From Colorado Parks and Wildlife:
Colorado Parks and Wildlife (CPW) has selected 15 wetland and riparian restoration projects that will share in $600,000 in Wetlands Program grants funded by Great Outdoors Colorado (GOCO).
Approved projects will restore and enhance more than 4,700 acres of wetlands and riparian areas on State Wildlife Areas, State Parks, National Wildlife Refuges, and other public and private lands across Colorado. Two projects will restore habitats damaged by last September’s flooding. A project at Boulder County’s Webster Pond will create shallow wetlands from a former gravel mining pit, which will also be used for native fish rearing. A project at Loveland’s Morey Wildlife Preserve will improve stream channels for wildlife and fish along the Big Thompson River.
“Wetlands and riparian areas are critically important wildlife habitats,” said Brian Sullivan, CPW Wetlands Program coordinator. “Most wildlife species in Colorado use these areas, which represent only a small part of our landscape.”
Waterfowl aren’t the only species to benefit from these funded restoration projects. Twenty other species of conservation concern, including the Preble’s meadow jumping mouse, southwest willow flycatcher, boreal toad and Arkansas darter benefit too.
“GOCO strongly supports wetland and riparian conservation” says GOCO Executive Director Lise Aangeenbrug. “Healthy wetlands and riparian areas mean healthy wildlife populations and water supplies. Restoring these habitats helps build strong communities.”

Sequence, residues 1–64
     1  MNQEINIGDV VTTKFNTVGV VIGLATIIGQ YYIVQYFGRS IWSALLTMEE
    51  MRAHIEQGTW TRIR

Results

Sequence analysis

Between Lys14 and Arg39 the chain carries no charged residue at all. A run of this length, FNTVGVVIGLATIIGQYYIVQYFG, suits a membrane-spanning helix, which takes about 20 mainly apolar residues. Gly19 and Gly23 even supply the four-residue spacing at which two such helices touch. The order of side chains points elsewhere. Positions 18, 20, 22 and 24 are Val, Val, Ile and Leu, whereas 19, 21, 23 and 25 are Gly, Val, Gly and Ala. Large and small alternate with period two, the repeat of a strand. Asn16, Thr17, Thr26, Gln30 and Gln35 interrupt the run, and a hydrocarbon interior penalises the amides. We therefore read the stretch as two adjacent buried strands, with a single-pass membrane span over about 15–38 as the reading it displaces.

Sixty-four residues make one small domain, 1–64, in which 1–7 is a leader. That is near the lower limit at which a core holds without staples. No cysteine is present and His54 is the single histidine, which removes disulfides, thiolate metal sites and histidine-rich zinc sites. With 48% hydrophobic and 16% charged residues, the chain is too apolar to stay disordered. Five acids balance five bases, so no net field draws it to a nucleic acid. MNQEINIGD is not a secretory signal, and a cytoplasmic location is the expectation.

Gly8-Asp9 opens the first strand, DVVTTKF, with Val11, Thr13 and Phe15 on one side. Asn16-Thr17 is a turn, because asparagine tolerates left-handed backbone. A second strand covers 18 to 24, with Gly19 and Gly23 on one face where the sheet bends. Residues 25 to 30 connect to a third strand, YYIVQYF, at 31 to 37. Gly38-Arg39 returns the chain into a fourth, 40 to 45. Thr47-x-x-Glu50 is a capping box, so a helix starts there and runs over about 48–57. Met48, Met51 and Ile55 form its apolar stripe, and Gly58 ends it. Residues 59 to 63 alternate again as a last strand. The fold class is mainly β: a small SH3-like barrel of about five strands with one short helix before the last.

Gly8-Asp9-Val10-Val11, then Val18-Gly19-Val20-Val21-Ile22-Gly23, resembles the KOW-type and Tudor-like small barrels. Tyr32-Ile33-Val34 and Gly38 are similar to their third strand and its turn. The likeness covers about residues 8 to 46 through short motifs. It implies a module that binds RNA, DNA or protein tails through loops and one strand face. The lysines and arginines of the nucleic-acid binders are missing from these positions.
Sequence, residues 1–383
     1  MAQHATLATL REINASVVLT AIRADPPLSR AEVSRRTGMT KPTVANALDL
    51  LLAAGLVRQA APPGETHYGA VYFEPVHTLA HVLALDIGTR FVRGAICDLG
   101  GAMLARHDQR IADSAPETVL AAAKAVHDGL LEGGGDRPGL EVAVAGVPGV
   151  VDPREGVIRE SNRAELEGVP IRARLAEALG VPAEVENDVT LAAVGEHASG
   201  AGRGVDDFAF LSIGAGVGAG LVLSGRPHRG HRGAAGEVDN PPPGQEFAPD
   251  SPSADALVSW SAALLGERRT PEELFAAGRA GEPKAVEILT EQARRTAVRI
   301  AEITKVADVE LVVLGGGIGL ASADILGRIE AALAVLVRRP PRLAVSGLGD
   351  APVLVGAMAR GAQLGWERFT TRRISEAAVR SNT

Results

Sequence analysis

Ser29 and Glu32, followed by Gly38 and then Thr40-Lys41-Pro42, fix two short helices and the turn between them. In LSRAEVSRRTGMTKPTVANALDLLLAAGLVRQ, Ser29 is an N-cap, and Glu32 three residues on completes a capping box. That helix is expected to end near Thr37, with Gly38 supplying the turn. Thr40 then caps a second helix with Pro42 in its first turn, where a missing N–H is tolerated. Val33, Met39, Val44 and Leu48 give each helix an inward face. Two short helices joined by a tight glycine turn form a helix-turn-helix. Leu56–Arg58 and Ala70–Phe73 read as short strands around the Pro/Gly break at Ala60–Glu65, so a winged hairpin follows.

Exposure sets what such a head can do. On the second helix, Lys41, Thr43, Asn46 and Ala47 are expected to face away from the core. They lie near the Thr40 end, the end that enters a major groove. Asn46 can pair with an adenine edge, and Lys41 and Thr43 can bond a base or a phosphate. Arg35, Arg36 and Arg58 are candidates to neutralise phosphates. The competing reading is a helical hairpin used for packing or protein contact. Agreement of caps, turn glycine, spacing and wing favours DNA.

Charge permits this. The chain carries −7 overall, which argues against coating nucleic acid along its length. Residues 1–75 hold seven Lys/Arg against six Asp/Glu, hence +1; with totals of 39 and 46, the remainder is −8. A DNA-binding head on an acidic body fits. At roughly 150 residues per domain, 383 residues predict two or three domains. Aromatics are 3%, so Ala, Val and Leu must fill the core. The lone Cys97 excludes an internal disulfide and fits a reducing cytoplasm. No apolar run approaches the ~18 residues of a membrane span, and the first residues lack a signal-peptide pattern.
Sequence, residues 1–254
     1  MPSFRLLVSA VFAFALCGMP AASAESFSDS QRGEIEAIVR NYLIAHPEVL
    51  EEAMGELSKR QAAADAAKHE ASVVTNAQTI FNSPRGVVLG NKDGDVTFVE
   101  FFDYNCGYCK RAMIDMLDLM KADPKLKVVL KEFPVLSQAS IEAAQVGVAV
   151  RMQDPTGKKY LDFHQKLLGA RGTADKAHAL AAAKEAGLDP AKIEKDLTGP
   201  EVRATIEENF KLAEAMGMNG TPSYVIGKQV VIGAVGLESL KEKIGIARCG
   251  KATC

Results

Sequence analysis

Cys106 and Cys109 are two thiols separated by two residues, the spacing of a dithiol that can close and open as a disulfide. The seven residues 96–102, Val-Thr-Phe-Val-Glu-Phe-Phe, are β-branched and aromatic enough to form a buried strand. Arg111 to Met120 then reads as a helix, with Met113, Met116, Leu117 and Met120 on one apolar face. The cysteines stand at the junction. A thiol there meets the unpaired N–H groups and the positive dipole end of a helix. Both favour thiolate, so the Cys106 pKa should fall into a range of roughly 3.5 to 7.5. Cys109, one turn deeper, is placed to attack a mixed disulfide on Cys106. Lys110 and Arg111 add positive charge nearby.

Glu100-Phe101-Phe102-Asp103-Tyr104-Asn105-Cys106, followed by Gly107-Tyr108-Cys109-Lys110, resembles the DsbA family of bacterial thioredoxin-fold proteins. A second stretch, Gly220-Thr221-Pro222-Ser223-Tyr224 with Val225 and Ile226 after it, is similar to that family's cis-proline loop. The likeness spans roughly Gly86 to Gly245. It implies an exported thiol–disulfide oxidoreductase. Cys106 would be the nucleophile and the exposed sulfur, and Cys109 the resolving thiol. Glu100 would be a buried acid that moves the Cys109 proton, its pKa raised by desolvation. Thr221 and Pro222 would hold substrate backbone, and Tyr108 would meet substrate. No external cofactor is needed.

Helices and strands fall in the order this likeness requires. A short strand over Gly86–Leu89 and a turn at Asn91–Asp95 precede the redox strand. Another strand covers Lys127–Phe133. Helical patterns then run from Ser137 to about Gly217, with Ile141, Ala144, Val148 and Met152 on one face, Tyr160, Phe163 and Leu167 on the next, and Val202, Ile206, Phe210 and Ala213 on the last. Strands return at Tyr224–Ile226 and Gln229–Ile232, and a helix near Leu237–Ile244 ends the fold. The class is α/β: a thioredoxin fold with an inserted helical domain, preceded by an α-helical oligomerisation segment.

GOCO, which invests a portion of Colorado Lottery revenues, has supported CPW’s wetland and riparian conservation efforts since 1997. GOCO also provided an additional $250,000 for 10 separate riparian restoration grants earlier this year, all of which include volunteer and Youth Corps labor.
More than 20 funding partners will contribute more than $1.2 million in matching funds for CPW’s wetland grants. Funding partners include city, county, state and federal governments, nonprofit conservation organizations, landowners, and volunteers.
“It is especially rewarding to see so many entities stepping up to partner with us in wildlife habitat conservation,” said Bob Broscheid, CPW director. “This is no surprise given the importance of this work to sustaining both game and nongame wildlife and improving waterfowl hunting in Colorado.”
The complete list of 2014 wetland and riparian restoration projects can be found online at http://cpw.state.co.us/aboutus/Pages/WetlandsProjectFunding.aspx.
Colorado Parks and Wildlife manages 42 state parks, more than 300 state wildlife areas, all of Colorado’s wildlife, and a variety of outdoor recreation. For more information go to http://cpw.state.co.us